The California secession movement, always viewed as one of the weirder pet projects among the eccentricities of the West Coast, seems to have come to a temporary end, as one of the major campaigns in the movement has decided to call it quits. Louis Marinelli, president of the Yes California Independence Campaign, told his supporters that he has begun seeking permanent residence in Russia because of his “frustration, disappointment and disillusionment with the United States.” Concurrent with this statement was the withdrawal of the campaign’s ballot measure proposed to the state for the purposes of a secession referendum. Critics of Yes California say that this move was long due, as Marinelli lived in Siberia for several years, is married to a Russian citizen, and allegedly accepted large financial contributions from Russian sources, which is a touchy topic in today’s U.S.-Russia climate.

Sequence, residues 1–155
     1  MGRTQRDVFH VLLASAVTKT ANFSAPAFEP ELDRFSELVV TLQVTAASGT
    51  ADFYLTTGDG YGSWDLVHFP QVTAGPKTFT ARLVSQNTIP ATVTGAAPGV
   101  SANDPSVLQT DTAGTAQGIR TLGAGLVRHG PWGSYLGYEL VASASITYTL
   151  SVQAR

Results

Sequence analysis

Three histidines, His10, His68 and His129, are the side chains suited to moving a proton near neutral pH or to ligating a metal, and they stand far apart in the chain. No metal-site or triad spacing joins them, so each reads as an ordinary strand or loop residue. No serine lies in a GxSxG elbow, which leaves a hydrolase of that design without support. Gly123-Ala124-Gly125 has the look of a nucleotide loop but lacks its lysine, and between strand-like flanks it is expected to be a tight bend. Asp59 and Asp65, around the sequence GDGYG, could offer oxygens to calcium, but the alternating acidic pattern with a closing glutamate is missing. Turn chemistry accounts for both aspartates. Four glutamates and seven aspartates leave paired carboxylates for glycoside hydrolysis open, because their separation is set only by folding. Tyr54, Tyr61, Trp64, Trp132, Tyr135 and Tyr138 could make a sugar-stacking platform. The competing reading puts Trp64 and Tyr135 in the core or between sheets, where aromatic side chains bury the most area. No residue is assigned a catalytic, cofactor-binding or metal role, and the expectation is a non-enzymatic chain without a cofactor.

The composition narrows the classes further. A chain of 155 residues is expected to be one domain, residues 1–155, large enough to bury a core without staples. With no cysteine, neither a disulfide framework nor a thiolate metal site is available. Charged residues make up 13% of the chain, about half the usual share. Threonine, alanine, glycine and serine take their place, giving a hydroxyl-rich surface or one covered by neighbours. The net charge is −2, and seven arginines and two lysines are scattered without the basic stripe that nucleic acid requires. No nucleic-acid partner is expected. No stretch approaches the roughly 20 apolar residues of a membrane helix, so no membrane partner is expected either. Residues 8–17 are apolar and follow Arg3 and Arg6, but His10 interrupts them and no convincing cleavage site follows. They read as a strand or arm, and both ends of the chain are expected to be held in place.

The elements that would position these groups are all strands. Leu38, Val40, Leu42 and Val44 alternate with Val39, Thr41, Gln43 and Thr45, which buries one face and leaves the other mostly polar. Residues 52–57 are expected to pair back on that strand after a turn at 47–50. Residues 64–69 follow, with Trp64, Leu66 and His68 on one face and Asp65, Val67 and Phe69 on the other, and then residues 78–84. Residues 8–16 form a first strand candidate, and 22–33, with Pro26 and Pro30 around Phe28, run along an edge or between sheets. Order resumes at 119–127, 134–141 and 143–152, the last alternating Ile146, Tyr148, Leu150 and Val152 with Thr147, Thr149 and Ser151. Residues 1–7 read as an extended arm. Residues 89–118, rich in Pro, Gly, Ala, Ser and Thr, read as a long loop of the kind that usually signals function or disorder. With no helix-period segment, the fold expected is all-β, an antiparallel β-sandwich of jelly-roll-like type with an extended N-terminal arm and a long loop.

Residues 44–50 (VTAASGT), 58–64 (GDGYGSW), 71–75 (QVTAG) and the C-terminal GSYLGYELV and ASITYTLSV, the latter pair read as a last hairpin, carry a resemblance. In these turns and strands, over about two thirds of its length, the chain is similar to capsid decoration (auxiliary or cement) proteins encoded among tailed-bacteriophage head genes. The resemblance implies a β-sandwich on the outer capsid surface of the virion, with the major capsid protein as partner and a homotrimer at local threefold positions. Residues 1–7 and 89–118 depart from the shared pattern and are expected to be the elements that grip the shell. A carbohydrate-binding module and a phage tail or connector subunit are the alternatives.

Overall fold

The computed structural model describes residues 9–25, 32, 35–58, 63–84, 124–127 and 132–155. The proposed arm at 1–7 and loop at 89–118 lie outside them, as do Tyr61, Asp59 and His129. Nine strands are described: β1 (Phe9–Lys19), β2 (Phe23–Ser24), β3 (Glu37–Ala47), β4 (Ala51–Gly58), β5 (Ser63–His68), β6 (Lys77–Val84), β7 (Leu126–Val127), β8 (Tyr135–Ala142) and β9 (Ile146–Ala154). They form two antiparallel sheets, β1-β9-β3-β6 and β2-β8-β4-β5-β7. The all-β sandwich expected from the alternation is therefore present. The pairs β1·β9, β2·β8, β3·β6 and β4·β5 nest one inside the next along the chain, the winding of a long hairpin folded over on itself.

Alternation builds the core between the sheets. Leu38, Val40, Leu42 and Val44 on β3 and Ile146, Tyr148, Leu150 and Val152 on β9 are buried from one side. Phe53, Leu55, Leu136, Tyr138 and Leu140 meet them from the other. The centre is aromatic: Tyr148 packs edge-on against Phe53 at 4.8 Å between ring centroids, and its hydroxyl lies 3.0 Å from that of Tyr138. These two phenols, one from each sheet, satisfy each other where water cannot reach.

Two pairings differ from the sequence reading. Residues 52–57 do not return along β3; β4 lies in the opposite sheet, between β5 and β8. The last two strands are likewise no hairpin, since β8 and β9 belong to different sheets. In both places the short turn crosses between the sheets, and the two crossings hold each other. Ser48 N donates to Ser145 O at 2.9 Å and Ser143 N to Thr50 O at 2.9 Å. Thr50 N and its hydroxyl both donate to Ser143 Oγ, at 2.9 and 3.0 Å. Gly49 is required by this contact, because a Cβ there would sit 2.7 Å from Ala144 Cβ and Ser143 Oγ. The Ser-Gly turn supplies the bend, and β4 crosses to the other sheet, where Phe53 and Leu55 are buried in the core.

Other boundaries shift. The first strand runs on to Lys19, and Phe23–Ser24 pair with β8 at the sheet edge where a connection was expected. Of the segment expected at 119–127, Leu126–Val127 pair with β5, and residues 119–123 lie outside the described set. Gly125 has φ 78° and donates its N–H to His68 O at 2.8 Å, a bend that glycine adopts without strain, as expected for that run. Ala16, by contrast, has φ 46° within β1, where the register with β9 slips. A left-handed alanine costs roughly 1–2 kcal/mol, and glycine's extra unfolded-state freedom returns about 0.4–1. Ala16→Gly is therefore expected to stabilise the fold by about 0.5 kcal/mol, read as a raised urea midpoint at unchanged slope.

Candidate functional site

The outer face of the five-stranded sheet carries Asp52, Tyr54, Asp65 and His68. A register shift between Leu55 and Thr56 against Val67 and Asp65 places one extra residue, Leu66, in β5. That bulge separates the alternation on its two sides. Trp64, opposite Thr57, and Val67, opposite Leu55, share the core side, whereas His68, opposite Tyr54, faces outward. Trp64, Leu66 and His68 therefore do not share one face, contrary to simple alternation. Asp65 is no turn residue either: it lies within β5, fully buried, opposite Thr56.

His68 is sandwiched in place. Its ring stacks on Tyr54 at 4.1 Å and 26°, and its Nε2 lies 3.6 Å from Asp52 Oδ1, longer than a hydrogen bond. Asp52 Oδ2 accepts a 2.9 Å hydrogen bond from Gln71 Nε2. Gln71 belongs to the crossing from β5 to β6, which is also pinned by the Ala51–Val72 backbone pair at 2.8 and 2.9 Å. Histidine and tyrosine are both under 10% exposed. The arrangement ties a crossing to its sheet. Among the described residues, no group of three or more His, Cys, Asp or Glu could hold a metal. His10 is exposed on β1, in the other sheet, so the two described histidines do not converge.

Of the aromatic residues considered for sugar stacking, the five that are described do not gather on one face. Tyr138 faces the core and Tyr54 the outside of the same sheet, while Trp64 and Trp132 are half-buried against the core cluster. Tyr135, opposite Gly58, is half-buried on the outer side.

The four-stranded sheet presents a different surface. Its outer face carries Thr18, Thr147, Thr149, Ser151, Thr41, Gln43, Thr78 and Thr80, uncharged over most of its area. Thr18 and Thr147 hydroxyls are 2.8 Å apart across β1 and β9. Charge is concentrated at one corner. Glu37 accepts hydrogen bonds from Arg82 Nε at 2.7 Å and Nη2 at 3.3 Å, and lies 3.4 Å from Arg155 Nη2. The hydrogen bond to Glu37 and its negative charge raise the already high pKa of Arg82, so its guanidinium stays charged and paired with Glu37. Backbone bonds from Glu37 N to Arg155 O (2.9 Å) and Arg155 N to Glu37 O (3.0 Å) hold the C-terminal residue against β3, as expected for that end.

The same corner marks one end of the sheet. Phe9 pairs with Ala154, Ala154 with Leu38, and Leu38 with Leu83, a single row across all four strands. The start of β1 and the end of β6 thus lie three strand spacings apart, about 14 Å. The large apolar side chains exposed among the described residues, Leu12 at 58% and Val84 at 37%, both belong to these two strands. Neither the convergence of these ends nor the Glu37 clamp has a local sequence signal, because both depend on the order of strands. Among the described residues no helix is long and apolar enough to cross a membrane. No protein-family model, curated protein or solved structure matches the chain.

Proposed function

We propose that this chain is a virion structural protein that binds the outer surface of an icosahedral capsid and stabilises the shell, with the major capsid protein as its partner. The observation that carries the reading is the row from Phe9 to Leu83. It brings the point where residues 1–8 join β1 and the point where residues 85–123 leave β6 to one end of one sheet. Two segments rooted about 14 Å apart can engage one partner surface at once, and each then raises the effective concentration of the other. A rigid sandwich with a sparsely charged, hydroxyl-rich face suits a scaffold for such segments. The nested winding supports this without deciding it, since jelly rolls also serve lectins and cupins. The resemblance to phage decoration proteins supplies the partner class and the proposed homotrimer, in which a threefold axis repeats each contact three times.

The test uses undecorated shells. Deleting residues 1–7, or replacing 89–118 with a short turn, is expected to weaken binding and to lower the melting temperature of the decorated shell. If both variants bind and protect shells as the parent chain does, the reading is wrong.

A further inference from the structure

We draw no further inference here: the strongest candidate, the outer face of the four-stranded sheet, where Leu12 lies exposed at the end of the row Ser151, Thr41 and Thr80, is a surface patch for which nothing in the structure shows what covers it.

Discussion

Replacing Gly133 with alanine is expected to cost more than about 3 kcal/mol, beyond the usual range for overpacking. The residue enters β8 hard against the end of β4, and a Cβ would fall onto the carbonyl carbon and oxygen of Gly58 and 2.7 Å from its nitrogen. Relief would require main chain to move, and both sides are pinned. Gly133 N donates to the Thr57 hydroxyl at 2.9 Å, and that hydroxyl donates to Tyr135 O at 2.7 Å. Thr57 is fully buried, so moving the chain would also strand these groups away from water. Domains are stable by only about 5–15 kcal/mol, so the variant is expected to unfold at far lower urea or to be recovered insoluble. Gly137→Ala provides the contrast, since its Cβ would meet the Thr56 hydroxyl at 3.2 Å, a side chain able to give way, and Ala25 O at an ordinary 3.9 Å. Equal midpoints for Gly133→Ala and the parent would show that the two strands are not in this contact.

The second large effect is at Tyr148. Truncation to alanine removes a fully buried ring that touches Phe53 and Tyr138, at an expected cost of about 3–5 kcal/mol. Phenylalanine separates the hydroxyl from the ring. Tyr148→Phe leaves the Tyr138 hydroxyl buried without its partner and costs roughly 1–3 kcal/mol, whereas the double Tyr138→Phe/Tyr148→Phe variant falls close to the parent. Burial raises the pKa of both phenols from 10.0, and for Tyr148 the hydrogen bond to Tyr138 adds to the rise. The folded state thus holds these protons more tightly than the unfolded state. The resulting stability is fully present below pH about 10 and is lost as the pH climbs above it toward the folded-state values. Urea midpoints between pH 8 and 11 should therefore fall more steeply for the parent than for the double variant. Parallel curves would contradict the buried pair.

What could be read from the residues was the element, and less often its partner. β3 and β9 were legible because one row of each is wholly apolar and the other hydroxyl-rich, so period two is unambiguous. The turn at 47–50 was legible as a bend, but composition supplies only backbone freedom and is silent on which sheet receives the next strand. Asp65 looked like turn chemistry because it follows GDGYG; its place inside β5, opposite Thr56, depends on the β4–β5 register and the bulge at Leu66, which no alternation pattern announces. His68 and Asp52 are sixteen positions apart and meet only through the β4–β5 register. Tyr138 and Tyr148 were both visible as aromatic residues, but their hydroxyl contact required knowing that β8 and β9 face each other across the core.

That being said, it doesn’t seem that the dream has completely died out. The vice president of Yes California, Marcus Ruiz Evans, said that he was joining the grassroots group California Freedom Coalition, which has grown rapidly in the past year. The coalition is looking for enough support to present its own ballot measure, this time without the albatross of alleged Russian ties.
California is the United States’ most populous state, and on its own would become the world’s sixth-largest economy, so it was always considered folly that the federal government would allow California to leave the Union. The U.S. Congress and 38 other states would need to pass an amendment to the Constitution that would allow California to secede. However, many Californians agree with the “Cal-Exit” basic arguments that California’s massive support of Democratic presidential candidate Hillary Clinton, measures to legalize recreational marijuana and reduction of crime penalties are a stark contrast from the majority of the country that the state forms a part of.